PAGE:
From plunder to prosperity: How legal accountability can help manage natural resource wealth in Africa

Aliou Diouf, Francophone Africa Researcher, Business & Human Rights Resource Centre

FARDC - credit: OSISA

At its fifth annual Mary Robinson Speaker Series Event on 31 October in New York, Business & Human Rights Resource Centre gathered a panel to address the issue of “Managing Congo’s resource wealth – from plunder to shared prosperity?”

Keynote: Emmanuel Umpula Nkumba

Emmanuel Umpula Nkumba - credit: Business & Human Rights Resource CentreThe keynote speaker was Emmanuel Umpula Nkumba, Executive Director of African Resources Watch (AFREWATCH), a DRC-based NGO working for respect for human rights by mining companies.  He presented on remedies for victims of abuses involving the extractive industries.  He stressed that natural resource exploitation in DRC has displaced communities without adequate compensation, destroyed ecosystems and polluted people’s lands, air and water.  In some cases, mining companies have been complicit in killings, torture, rape and other serious abuses against local populations by security forces and armed groups.  AFREWATCH’s mission is to assist victims of these abuses in seeking justice, but the avenues for legal remedy in DRC are full of obstacles.  The path is no easier in foreign jurisdictions.  Emmanuel described two cases among those that he followed in his work: The massacres at Kilwa in 2004, and the destruction of the village of Kawama in 2009.

1)    Kilwa massacres

On 14-15 October 2004, a small, unknown rebel group, "Mouvement révolutionnaire pour la libération du Katanga", took control of the mining town of Kilwa.  The Congolese army’s action to dislodge the rebels became a carnage: looting, destruction of homes, rapes, torture, summary executions, etc.  In all, 70 civilians were killed.  Autos, trucks and even an airplane belonging to the Canada-based mining company, Anvil Mining, transported the army’s troops.  In 2007, a military court in Lubumbashi, DRC, brought charges, but was botched, and ended with only minor convictions of three low-level military officers.  The United Nations criticised the proceedings, which did not reach a verdict on the charges of war crimes, and did not reach a verdict against Anvil or its managers.  In November 2010, a coalition of NGOs including Action Contre l’Impunité pour les Droits de l’Homme (ACIDH) and ASADHO, both based in DRC, and the international group Rights and Accountability in Development (RAID), filed a group claim against Anvil Mining before a civil court in Quebec.  However, in January 2012 a court of appeals in Quebec ruled that the province did not have appropriate legislation to allow the courts to hear the case.  The Supreme Court of Canada affirmed the dismissal, crushing the hopes of the victims for justice, and for an examination of what actually happened in those two days in October 2015 – particularly who was directly responsible for the crimes against the people of Kilwa, and who was complicit in supporting the violence.  AFREWATCH is now exploring the possibility of launching a new proceeding against Anvil in Australia. 

2)    The destruction of 500 homes in the village de Kawama

On 24 November 2009, the DRC police destroyed all 500 houses in the village of Kawama, with logistical support including bulldozers from Compagnie Minière du Sud  Katanga (CMSK), which was at the time jointly held by the Group Forrest International and Gécamines, a state-owned enterprise in DRC.  The supposed aim was to clear out artisanal miners working in CMSK’s concession, but the villagers claimed they had nothing to do with artisanal mining.  Over 2500 people were made homeless, lacking any shelter since all the buildings in the village were destroyed.  On 24 December 2009, the local prosecutor opened an inquiry, but it has never resulted in any charges.  The victims of the home demolitions denounce this failure to act as a denial of justice.  Three years later, an NGO coalition filed a case before the National Contact Point in Belgium for the OECD Guidelines for Multinational Enterprises.  The NCP called for mediation, but it failed to yield a settlement between the parties.  The NCP made a few recommeandations to CMSK, but to date, the victims have not obtained any remedy for the violations of their rights.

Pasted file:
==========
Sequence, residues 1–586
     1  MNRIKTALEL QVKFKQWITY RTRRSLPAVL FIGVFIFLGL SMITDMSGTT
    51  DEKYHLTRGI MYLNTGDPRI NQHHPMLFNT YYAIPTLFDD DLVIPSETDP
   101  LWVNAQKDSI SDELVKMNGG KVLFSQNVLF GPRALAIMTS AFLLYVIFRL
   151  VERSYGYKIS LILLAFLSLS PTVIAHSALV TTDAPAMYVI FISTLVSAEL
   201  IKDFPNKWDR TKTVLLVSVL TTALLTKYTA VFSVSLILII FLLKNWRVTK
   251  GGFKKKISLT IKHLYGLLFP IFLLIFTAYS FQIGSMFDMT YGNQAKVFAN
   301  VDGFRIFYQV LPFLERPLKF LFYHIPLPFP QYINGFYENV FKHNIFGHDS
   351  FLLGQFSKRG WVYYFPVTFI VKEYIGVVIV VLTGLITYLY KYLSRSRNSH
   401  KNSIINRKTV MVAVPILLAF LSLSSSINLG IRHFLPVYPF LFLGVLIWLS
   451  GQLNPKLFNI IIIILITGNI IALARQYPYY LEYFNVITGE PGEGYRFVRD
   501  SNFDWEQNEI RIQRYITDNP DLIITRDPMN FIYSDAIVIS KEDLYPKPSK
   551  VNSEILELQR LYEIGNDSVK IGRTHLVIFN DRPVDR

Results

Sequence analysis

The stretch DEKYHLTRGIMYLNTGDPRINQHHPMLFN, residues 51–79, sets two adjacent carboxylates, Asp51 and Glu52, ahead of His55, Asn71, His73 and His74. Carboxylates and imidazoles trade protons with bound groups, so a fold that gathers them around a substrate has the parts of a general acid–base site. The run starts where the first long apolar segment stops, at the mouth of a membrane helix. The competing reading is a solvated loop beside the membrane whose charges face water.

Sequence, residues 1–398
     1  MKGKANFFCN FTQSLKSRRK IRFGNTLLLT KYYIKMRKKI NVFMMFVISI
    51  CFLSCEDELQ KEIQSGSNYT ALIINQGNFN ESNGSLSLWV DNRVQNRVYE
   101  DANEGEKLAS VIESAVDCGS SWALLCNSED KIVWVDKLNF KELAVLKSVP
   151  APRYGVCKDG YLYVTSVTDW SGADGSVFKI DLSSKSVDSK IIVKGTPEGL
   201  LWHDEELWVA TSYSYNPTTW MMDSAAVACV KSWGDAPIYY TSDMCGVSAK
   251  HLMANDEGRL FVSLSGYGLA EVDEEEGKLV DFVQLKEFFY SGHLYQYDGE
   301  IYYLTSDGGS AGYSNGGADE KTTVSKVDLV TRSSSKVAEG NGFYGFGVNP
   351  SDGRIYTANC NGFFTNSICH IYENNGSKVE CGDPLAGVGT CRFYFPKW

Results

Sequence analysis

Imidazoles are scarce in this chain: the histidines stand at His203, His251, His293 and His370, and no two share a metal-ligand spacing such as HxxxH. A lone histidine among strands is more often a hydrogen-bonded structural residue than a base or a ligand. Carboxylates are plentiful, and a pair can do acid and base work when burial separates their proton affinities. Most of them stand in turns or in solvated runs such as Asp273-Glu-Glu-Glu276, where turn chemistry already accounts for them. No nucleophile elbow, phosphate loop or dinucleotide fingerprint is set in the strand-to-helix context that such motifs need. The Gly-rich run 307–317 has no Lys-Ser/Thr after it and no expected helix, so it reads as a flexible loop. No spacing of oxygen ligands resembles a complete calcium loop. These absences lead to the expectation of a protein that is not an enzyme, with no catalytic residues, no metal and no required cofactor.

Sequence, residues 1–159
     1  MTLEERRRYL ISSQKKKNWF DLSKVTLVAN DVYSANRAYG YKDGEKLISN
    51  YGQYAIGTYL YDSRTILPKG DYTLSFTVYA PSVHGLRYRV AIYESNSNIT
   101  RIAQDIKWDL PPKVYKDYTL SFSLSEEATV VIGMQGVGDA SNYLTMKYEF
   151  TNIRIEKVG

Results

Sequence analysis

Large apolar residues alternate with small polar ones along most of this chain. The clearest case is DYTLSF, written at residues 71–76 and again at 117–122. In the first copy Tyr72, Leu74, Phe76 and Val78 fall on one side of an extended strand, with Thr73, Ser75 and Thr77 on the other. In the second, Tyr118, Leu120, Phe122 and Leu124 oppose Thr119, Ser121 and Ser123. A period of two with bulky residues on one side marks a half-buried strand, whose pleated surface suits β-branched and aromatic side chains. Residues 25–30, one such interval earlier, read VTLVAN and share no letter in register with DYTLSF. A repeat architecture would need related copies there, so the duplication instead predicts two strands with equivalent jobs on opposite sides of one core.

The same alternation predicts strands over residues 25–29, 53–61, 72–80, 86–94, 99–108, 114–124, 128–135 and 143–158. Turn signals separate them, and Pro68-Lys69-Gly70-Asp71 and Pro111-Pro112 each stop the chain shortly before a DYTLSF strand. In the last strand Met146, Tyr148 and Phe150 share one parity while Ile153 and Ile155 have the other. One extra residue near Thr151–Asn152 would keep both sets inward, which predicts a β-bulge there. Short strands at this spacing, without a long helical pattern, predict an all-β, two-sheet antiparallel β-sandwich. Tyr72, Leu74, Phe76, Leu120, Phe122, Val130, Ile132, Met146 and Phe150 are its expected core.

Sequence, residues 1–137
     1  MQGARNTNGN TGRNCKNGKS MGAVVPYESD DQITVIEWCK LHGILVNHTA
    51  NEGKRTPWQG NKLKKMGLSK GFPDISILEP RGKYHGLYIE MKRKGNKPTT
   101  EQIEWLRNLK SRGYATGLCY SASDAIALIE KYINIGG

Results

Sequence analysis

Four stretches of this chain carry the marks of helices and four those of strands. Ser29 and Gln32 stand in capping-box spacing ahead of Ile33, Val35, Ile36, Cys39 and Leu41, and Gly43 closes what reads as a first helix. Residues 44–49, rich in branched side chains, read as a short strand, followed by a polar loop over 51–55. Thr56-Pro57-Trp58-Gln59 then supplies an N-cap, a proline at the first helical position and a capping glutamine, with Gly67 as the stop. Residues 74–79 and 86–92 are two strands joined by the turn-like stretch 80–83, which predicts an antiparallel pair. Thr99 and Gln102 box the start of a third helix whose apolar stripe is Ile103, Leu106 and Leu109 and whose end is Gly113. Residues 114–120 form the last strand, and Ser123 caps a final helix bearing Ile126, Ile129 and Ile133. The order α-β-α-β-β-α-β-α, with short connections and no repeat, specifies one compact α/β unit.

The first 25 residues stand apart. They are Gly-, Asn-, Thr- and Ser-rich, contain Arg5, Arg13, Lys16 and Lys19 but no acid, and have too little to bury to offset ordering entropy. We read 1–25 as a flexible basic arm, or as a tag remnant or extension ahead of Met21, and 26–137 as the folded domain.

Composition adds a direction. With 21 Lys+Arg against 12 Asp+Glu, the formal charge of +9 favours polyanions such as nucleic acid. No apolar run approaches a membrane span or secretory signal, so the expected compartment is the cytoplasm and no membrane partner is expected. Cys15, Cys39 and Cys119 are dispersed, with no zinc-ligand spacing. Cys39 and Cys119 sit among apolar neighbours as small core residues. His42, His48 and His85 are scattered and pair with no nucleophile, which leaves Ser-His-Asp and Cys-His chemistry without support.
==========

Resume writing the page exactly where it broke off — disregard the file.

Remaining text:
3)    Challenges

Working on these two cases led Emmanuel to identify numerous obstacles on the path that could lead to justice for victims of abuse.  They fall into two broad categories: challenges in DRC and other "host" countries where multinational companies operate, and challenges relating to the "home" countries where multinationals are headquartered.  Among difficulties in DRC, Emmauel mentioned the limited human, material and financial resources of the judiciary; the lack of legal offered to victims; political interference in court cases; judicial corruption; the unavailability of collective actions and group claims; and the inability of communities to appear in court because they are not recognised as legal persons.  Among home countries, Emmanuel noted the high cost of litigation in developed countries’ courts; ignorance or disregard for the global impacts of the country’s multinationals; lack of political will in host countries, which often prioritise their own economic interests; and fear of competition with companies from emerging economies, which may have weaker regulations.